11 Models of Gamma-Ray Bursts Follow up of several GRBs with optical spectral observations showed spectra that resembled those of supernovae. As the optical afterglow of GRB faded, the spectrum of the underlying supernova, SN 2003dh, became visible. After 34 days its spectrum resembled that of the supernova SN 1998bw of a similar age (dashed line).

12 Collapsar Model of Gamma-Ray Bursts This schematic illustrates the collapsar model of GRBs. The left image shows a pair of jets being launched from and accretion disk fed by matter falling in. In the central image the jets have broken through the stellar surface and emit the prompt burst of gamma-rays. Later, the jets slow down and spread out as they plow into surrounding matter, producing the afterglow.

13 Collapsar Model of Gamma Ray Bursts The collapsar model proposes that a long gamma ray burst occurs during a core collapse supernova (Type Ic) of a ~ 30 M star that is spinning rapidly. In this model the core of the star collapses to form a BH. The material just around the BH forms an accretion disk that is drawn into the BH. The magnetic field of this accretion disk forms jets of charged particles that break through the outer layers of the star. (Key point: in a Type Ic supernova the outer H and He layers have been blown away so its easier for the jets to break through the star) The energetic particles in the jet produce gamma-rays. If a jet is pointed towards the Earth we see a gamma ray burst. The accretion disk is sucked into the BH within a few seconds and the gamma-rays burst ends.

14 Collapsar Model Beamed radiation: A typical Type Ic supernova releases Joules of energy (0.03% goes into light and the rest mostly into neutrinos) If we were to assume that all the energy released in a gamma ray burst was distributed uniformly the total energy would be ~ Joules but if the energy is beamed then the total energy is less and close to a normal Type Ic.

15 Collapsar Model Three special conditions are required for a star to evolve all the way to a GRB under the Collapsar Model: 1) the star must be very massive (~40 M on the main sequence) to form a central black hole in the first place, 2) the star must be rapidly rotating to develop an accretion disk capable of launching jets, and 3) the star must have low metallicity in order to strip off its hydrogen envelope so the jets can reach the surface. As a result, gamma-ray bursts are far rarer than ordinary core-collapse supernovae, which only require that the star be massive enough to fuse all the way to iron. Eta Carinae, in the constellation of Carina, one of the nearer candidates for a hypernova!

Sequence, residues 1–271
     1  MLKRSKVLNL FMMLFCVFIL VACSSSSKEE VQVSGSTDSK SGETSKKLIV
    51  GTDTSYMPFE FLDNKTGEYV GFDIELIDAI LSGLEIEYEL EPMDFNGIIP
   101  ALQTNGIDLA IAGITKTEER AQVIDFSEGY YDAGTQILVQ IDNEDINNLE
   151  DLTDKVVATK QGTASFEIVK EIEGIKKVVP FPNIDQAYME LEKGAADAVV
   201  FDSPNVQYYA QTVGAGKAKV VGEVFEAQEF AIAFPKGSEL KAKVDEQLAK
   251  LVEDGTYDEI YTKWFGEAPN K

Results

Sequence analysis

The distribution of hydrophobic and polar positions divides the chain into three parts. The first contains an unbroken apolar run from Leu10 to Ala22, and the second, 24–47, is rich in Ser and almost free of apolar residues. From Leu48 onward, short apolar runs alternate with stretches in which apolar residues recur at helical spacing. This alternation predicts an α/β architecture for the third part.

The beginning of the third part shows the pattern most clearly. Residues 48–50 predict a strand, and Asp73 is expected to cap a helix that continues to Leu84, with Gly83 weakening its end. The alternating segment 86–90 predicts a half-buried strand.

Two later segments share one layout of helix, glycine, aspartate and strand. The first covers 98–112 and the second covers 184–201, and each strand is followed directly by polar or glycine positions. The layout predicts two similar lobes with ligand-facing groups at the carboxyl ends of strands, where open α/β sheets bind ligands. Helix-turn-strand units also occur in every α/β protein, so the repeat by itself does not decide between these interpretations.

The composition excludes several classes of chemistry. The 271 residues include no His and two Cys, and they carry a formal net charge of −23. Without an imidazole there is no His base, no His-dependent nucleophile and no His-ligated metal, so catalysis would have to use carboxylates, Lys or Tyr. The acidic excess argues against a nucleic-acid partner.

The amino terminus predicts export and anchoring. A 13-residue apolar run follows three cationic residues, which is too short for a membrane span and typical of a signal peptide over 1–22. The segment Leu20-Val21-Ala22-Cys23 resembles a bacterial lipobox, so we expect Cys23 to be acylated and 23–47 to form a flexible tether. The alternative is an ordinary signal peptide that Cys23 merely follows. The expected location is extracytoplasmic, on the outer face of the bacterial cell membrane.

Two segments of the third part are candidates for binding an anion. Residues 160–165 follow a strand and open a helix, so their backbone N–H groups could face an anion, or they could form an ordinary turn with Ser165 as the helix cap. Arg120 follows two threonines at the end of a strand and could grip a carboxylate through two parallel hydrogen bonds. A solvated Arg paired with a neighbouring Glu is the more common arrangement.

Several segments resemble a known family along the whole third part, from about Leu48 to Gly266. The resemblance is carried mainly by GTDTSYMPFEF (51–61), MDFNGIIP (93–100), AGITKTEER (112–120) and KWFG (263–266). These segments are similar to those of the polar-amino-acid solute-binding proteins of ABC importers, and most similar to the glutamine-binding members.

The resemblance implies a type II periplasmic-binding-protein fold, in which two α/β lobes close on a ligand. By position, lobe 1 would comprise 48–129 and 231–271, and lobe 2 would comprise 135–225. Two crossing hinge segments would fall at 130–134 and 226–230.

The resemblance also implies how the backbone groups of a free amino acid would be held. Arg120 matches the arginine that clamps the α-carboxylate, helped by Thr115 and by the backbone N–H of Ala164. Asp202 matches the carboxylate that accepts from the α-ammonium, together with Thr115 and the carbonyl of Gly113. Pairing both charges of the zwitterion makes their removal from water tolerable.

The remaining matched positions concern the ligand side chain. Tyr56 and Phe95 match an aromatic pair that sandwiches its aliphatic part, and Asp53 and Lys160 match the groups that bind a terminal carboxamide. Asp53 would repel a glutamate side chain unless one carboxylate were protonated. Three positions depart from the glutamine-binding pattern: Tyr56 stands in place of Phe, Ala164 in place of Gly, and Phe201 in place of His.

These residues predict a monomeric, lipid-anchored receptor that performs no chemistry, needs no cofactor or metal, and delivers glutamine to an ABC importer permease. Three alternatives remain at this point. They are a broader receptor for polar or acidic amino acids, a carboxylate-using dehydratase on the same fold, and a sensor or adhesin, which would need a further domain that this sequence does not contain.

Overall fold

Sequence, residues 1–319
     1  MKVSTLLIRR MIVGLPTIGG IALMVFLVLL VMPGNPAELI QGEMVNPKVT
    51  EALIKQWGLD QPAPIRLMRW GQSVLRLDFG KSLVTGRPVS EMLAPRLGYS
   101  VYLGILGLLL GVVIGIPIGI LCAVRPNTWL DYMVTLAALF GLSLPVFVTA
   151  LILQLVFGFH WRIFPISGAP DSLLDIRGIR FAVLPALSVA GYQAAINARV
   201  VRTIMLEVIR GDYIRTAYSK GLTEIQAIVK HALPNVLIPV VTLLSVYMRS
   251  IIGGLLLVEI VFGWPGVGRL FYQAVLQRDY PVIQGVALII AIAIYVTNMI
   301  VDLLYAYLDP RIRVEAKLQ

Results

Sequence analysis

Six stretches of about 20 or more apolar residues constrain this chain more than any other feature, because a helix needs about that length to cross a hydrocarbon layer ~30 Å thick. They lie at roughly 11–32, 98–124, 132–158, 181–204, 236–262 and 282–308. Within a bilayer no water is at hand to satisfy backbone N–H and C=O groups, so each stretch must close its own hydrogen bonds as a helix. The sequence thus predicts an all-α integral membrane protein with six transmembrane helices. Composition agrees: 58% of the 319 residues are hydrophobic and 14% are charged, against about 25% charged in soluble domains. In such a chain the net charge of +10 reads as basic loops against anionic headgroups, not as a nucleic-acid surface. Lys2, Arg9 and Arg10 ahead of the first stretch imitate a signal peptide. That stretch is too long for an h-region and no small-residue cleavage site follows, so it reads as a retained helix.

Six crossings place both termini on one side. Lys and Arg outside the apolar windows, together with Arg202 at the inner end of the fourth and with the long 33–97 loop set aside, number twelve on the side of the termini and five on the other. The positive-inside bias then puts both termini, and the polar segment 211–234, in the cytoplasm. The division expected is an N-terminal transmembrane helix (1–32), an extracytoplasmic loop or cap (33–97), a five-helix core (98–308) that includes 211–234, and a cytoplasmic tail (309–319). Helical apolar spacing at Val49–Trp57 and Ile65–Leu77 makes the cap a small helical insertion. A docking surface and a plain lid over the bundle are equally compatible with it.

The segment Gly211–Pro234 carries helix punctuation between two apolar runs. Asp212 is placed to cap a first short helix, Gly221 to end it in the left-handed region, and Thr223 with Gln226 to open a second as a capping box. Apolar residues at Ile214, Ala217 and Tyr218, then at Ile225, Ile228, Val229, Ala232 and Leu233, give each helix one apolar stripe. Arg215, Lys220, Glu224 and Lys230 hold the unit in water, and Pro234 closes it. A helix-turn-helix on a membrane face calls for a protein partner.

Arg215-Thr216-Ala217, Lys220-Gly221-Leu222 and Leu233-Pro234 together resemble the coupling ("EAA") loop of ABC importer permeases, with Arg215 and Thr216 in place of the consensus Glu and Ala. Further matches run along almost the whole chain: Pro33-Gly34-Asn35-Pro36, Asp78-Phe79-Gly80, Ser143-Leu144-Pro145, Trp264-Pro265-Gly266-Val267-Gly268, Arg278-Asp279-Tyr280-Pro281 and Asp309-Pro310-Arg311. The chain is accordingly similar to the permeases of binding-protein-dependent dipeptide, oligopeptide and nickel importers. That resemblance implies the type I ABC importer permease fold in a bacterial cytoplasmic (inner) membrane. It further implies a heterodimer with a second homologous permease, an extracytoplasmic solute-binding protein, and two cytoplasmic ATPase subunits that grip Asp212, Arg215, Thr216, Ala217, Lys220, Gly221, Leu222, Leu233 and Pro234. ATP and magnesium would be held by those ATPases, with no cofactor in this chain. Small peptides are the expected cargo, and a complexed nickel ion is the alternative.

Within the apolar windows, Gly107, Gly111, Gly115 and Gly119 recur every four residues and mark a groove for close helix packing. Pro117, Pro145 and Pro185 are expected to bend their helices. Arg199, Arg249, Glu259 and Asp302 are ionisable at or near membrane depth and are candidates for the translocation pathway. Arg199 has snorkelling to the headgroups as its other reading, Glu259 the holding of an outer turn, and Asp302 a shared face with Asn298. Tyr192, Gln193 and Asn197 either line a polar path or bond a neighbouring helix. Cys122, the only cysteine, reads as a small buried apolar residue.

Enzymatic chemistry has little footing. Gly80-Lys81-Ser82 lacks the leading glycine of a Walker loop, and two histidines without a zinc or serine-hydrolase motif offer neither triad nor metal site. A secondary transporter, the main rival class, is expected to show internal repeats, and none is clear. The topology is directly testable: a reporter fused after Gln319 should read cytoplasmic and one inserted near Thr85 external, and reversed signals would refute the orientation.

16 Long and Short GRBs Gamma-ray bursts fall into two types. Long bursts ~ sec duration and short bursts ~ 0.01 sec - 2 sec duration (contain lower energy photons than long bursts) Their cosmic origin was confirmed with the measurement of their redshift. The spectrum of the afterglow is consistent with a Type Ic supernova spectrum.

17 Long GRBs are found in systems with abundant recent star formation (ie. contain massive stars), such as in irregular galaxies and in the arms of spiral galaxies. Why are star formation regions likely to contain massive stars? Progenitors of Long GRBs Follow up observations of several long GRBs have detected emission from type Ib/c supernova at the same location.

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19 Progenitors of Short GRBs Several short GRBs have been associated with the outer regions and even the outer halo of large elliptical galaxies in which star formation has nearly ceased. All the hosts identified so far have also been at low redshift. No supernova has been associated with any short GRB.

20 Models of Short GRBs One model posits that short GRBs are the result of the merger of two compact objects : two neutron stars, or a black hole and a neutron star. During the merger immense amount of energy is liberated before the matter plunges into a single black hole. The whole process is believed to occur extremely quickly and be completely over within a few seconds, accounting for the short nature of these bursts.